Indian govt probes claims Foxconn won't hire married women

Cultural traditions clash with manufacturing ambitions

Updated India's Ministry of Labor and Employment has ordered an investigation of Foxconn – the contract manufacturer supplier also known as Hon Hai Precision and one of Apple’s main suppliers – after reports emerged alleging the company will not hire married women to work at its main iPhone assembly plant on the subcontinent.

The probe is in the form of a request for a "detailed report" from the Labor Department of the state government in Tamil Nadu. Foxconn's largest Indian facility is in Sriperumbudur, a town in Tamil Nadu.

"Section 5 of the Equal Remuneration Act, 1976 clearly stipulates that no discrimination will be made while recruiting men and women workers," reasoned the ministry on Wednesday. "As the State Government is the appropriate authority for the enforcement and administration of the provisions of this Act, hence the report has been sought from the State Government."

A Reuters report published the day before the Ministry’s move alleged that Foxconn systemically excluded the employment of married women at the Sriperumbudur plant.

The reported justification for the policy was that married women experience family duties, pregnancy and absenteeism. A secondary justification for their exclusion was that the customary ornaments worn by married women in India – like toe rings and necklaces – aren't typically removed and present safety hazards in the manufacturing environment.

Foxconn outsources hiring at the plant to third-party vendors. Those vendors were allegedly briefed by executives to skip over the cohort, and freely communicated the unwed requirement to candidates in job adverts, pamphlets and WhatsApp chats.

The ban, however, isn't absolute. It is relaxed during high-production periods to manage labor shortages, and agencies reportedly indicated they would help women conceal their marital status – particularly if their state ID card hasn’t been updated to indicate their nuptials. Foxconn denied the discriminatory policy to Reuters, as did Apple.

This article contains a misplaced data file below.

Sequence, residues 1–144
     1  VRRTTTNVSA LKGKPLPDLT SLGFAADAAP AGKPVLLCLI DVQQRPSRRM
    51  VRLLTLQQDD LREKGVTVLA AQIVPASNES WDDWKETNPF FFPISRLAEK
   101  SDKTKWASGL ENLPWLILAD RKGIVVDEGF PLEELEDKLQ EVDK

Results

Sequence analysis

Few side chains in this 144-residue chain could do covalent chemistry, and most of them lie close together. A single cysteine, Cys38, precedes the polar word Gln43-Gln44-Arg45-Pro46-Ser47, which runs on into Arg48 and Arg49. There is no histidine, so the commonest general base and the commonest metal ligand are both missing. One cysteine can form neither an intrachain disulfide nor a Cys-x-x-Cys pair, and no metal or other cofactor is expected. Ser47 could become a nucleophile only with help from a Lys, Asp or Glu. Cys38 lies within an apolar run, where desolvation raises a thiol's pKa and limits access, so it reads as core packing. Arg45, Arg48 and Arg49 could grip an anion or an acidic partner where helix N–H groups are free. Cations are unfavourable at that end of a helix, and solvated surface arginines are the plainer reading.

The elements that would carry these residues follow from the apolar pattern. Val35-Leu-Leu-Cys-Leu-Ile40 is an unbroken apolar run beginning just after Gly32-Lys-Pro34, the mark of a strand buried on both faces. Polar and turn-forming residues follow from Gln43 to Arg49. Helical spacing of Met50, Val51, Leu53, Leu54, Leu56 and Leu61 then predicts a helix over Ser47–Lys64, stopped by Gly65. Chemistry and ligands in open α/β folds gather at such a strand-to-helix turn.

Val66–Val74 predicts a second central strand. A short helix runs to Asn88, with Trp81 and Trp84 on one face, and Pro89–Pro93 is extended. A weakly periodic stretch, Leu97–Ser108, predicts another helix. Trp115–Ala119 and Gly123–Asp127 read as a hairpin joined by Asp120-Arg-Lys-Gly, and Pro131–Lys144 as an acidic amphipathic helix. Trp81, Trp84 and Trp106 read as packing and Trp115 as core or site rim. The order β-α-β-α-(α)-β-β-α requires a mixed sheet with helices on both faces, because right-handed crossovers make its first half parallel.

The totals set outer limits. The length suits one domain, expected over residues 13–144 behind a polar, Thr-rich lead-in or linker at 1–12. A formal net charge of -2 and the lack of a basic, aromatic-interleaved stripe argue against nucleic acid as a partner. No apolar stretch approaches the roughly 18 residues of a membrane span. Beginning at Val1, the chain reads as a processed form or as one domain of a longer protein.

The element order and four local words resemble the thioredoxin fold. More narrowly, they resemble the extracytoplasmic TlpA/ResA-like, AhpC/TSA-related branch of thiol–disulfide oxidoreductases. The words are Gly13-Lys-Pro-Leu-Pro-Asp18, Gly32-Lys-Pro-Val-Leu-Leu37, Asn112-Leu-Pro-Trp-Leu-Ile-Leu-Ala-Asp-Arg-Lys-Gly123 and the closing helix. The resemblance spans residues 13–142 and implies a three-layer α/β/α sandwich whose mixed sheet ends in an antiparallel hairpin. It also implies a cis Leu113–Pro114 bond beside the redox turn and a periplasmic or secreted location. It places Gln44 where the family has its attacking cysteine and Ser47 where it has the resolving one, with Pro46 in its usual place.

The Apple supplier said in 2022 it took corrective action against four agencies that were posting ads "that did not meet [company] standards."

The Register has asked Foxconn for additional comment and will report back should a substantial reply materialize.

Few Indian women work outside the home.

According to The World Bank, as of 2022 fewer than one in four Indian women work do so. Also in 2022, India's National Family Health Survey found that 32 percent of married women in India were employed – and 15 percent of the women working outside the home were not paid.

The survey also showed that hiring managers routinely consider marital status when making job offer decisions, even though it is well documented that economies benefit when both genders participate in the paid workforce and suffer when they do not.

India’s government is keen to remove impediments that prevent the nation from fulfilling its goal of becoming a major manufacturing hub – meaning it may have to overcome societal norms that could hurt the industry.

In line with its manufacturing goal, the country is claimed to be on track to produce a quarter of the world's iPhones by 2028. ®

Updated at 1111 UTC on June 27, 2024, to add

A spokesperson at Foxconn sent us this statement:

"We hire workers of all backgrounds, genders, races and marital status, and we do not stand for discrimination in hiring or recruitment. When we see an issue we act, including corrective action up to and including termination of the hiring agency.

"Foxconn vigorously refutes allegations of employment discrimination based on marital status, gender, religion or any other form."

The manufacturing giant describes itself as an "equal opportunity employer," and said it "enhanced our management process for hiring agencies in India in 2022 and identified four agencies that were posting ads that did not meet our standards. We took corrective action with those agencies and more than 20 job ads were removed."

In the latest round of recruitment, a quarter of those brought on board were married, we're told: "Married women are welcome to wear traditional metal ornaments while working in our facilities."

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